The literature is sparse on the complex interrelationships between stressors, depression, anxiety disorders, and epilepsy. We hypothesized that a relationship exists between stress and epilepsy. We evaluated whether markers of stress are associated with seizure recurrence in a low income community-based cohort of adults with single unprovoked seizure or newly diagnosed epilepsy.
We ascertained adult residents of Northern Manhattan and Harlem, New York City, with a first unprovoked seizure or newly diagnosed epilepsy, between December 2010 and January 2013. At enrollment, we collected information about seizure phenomenology, demographics, clinical information, and measures of stress (environmental stress, stressful life events, facets of allostatic load—i.e., the cumulative effect of adaptation to stress, psychiatric disorders, and low collective efficacy). Collective efficacy assesses neighborhood characteristics and incorporates social cohesion and informal social control. All subjects were followed for 2 years for further seizures. Cox proportional hazard regression models were used to estimate the hazard ratios of seizure recurrence during the 2 years of follow-up.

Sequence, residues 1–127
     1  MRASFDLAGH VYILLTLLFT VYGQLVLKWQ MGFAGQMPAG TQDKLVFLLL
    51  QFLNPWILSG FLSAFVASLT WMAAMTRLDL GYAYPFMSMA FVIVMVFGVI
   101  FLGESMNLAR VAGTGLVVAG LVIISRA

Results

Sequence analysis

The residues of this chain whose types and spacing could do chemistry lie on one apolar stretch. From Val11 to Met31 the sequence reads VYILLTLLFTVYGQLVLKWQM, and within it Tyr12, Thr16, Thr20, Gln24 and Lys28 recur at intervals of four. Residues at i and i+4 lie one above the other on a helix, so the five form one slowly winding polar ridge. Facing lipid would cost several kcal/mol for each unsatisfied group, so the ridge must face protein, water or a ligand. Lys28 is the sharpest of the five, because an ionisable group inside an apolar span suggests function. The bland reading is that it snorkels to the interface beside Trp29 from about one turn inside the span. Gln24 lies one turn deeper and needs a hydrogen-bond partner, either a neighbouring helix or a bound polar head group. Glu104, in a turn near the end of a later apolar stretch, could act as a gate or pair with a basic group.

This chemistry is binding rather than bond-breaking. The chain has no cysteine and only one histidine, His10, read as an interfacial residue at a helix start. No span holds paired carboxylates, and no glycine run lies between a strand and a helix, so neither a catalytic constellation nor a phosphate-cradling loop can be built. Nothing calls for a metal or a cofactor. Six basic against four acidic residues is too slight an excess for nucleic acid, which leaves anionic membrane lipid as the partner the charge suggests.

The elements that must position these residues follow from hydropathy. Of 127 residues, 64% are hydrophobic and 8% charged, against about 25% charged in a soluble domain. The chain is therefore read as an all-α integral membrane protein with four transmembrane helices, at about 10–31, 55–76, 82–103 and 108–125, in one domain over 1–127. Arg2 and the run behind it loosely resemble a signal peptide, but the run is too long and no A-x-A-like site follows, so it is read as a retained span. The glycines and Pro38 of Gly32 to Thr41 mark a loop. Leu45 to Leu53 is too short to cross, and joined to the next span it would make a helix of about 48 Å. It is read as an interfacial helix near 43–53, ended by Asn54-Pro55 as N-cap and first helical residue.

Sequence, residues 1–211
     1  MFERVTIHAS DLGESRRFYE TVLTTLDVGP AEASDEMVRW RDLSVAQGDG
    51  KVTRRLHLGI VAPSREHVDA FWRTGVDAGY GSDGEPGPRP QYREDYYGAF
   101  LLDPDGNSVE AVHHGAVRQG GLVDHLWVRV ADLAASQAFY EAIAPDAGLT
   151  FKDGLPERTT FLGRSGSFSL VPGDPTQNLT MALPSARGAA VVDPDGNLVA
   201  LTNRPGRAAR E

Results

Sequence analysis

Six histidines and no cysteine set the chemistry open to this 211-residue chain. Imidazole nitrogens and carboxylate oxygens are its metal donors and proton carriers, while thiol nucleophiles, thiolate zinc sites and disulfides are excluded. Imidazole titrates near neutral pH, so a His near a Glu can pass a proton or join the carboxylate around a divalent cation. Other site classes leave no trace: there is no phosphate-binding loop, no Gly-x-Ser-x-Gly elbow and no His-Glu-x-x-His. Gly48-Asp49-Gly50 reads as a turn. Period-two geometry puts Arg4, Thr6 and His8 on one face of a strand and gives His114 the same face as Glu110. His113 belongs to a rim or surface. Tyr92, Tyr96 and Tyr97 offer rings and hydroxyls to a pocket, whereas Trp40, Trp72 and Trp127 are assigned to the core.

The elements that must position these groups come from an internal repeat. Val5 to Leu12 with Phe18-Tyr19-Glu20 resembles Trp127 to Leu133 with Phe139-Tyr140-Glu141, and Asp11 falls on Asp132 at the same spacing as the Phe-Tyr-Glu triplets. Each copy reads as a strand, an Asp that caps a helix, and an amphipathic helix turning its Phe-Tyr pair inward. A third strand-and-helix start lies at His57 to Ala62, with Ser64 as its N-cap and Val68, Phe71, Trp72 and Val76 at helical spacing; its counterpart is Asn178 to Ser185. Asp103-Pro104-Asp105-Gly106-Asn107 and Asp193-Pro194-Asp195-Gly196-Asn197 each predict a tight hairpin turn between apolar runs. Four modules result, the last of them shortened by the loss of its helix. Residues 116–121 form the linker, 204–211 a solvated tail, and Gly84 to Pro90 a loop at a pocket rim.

We identified 52 subjects (64.2%) with a single unprovoked seizure and 29 (35.9%) with newly diagnosed epilepsy. Seizure recurrence was recorded in 38.5% (N = 20) of subjects with a single unprovoked seizure and in 69% of those with epilepsy (N = 20) (p = 0.01). In the overall sample, the hazard of seizure recurrence was increased by lifetime generalized anxiety disorder (3.0-fold) and by low collective efficacy (2.7-fold). In a second model, the hazard was increased by lifetime mood disorder (2.1-fold) and low collective efficacy (2.5-fold).
Markers of stress (i.e., low collective efficacy, lifetime mood disorder, and lifetime generalized anxiety disorder) were associated with an increased risk for seizure recurrence in adults with a single unprovoked seizure or newly diagnosed epilepsy. Stress-reducing interventions, such as mindfulness, may be a useful, safe, and inexpensive adjunctive treatment for epilepsy.